“Right,” I muttered, and turned to look in that direction. From where I was, it looked like a fish tank filled with luminescent blue liquid. I frowned and started toward it, trying to figure out what it was, and why it was important enough for Gregory to risk both our lives by bringing me here.
I think, on some level, that I knew what it was even before I saw it; I just had to put off understanding for as long as possible if I wanted to be able to handle what I was about to see. But maybe that’s hindsight, me trying to justify things to myself. I don’t really know. What I do know is this:
The blue liquid wasn’t fully opaque; it just looked that way from a distance. It cleared as I approached, and by the time I reached the tank, I could see the outline of a human figure through the blue. I squinted, but couldn’t make out any real details beyond the fact that it was female, and surrounded by a forest of tangled cords.
Gregory stepped up behind me and leaned to my left, pressing a button at the top of a control panel I hadn’t noticed until then. The glow brightened, and the liquid began turning transparent, small lines of bubbles marking the spots where filters were cleansing some element out of the mix. In only a few seconds, I could see the figure floating in the tank.
She was naked, in her mid-twenties, and curled in a loose fetal position, like she had never needed to support her own limbs or head. Her hair was dark brown and badly needed to be cut. It was long enough that the movement of the liquid around her made it eddy slowly, wrapping around her neck and arms. Sensors were connected to her arms and legs, running up to join with the main cable. Her mouth and nose were exposed—she was breathing the liquid; I could see her chest rise and fall—and a thicker tube was connected at her belly button, presumably providing her with oxygen and nutrients. I stared at her, watching the way her fingers twitched and her eyes moved behind the thin shields of her eyelids.
Gregory waited, watching me watch her. The room seemed to be holding its breath, both of us waiting to see what I would do, whether I would be able to look at what was in front of me without snapping. For a moment, I didn’t know the answer.
The moment passed. I took a shaky breath, followed it with another, and asked, “How many of us are there?”
“At the moment, three.” Gregory turned his attention to the tank where another Georgia Mason floated. Her hair had never been bleached, and was still the dark brown that mine was supposed to be. I felt a brief flare of jealousy. She looked more like me than I did. “This is subject number 8c. It’s the last member of the subject group following yours.”
“Wait—subject group?” I turned my back on the tank, unsure of my ability to keep my cool while I watched my own silent doppelganger floating in the blue. “What does that mean?”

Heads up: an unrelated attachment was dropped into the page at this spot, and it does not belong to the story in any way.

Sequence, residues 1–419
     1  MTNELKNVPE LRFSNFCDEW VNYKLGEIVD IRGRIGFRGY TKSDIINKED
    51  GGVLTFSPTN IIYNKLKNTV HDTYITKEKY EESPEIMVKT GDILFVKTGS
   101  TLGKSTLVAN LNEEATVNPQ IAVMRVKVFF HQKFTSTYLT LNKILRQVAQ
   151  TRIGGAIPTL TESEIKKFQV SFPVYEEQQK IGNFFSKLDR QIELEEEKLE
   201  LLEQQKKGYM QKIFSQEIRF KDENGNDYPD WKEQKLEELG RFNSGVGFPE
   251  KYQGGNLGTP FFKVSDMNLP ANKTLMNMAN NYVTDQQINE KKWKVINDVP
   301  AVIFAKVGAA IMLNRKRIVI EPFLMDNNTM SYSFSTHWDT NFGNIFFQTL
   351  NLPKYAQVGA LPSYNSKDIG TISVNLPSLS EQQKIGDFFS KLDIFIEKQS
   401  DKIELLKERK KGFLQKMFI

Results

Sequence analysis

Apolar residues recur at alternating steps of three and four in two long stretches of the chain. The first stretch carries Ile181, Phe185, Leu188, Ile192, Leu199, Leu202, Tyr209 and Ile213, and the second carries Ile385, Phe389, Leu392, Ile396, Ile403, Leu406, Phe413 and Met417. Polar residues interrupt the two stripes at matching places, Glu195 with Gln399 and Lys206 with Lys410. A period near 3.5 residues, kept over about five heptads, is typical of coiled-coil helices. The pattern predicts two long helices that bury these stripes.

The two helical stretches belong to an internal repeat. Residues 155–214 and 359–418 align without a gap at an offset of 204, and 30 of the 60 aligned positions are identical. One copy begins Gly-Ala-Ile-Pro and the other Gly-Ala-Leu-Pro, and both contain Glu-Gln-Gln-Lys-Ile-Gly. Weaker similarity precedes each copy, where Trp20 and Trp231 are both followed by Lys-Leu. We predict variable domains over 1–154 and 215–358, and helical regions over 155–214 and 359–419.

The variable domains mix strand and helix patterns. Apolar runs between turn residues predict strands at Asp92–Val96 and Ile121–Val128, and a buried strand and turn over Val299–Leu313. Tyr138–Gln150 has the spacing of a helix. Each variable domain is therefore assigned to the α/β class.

“Your designation is ‘subject 7c.’ Subject 7a didn’t mature properly; 7b went into spontaneous amplification during the revivification process.” He gestured at the tank. “Subject 8a was shut down due to issues with spinal maturation at about this stage.”
“And 8b?” He wasn’t using names for any of the other subjects, I noticed—he wasn’t even giving them genders. They were just things to him, at least until the moment they woke up and turned into people. That was actually reassuring, because he treated me like a person. I wasn’t the same as them.
“Subject 8b is part of why we’re here. Subject 8c is just the backup, in case something goes wrong.” Gregory looked at me carefully. “Are you ready to proceed?”
“You mean, do I want to scream and throw things and maybe vomit, but can I keep myself together a little longer? Yes, and yes.” I shook my head, taking comfort in the fact that I could feel the air against my ears. I might have started out like that girl in the tank, but I wasn’t her anymore. I was awake, and alive, and my hair had been cut. We have to take our comforts where we can find them.
“All right,” said Gregory. “Follow me.”
He led me to a large metal rectangle on the far wall. He tapped a button on a control panel next to it, and stepped back as a whirring sound began to emanate from the wall itself. The metal rectangle slid slowly upward, revealing the room on the other side of the thick, industrial-grade glass. He tapped the control panel again, and the lights came on.
The walls of the room were featureless and white. The only thing that even resembled furniture was a narrow hospital bed with white sheets, surrounded by IV drips and beeping monitors. Thick black straps secured the room’s single occupant to her bed, holding her in place. Unlike the girl in the tank—unlike me, when I first woke up—her hair was cut short, in a precise replica of the haircut I’d worn since I was twelve. I touched the close-shorn hair at the back of my neck without realizing I was going to do it, feeling how uneven the strands were. Dr. Shaw had done her best, but she was no hairdresser.
“This is 8b?” I asked. My voice was weaker than I wanted it to be. I swallowed hard, trying to clear away the dryness that was growing there. “What are they doing with her?”
“They’re stabilizing her.” Gregory touched another button. A video projection appeared on one side of the window, obscuring that half of the room. It showed subject 8b being removed from her tank and shifted onto a gurney. Her hair was long in the recording, and it stuck to her face and shoulders like seaweed. “This was taken a week ago.”
“A week—but that was after they knew that I wasn’t going to amplify. They knew I was viable.” Panic tried to rise inside me like a small, biting animal. I forced it down again as hard as I could, breathing in and out through my nose several times before I asked, “Why are they stabilizing her? What are they planning to do with her?”
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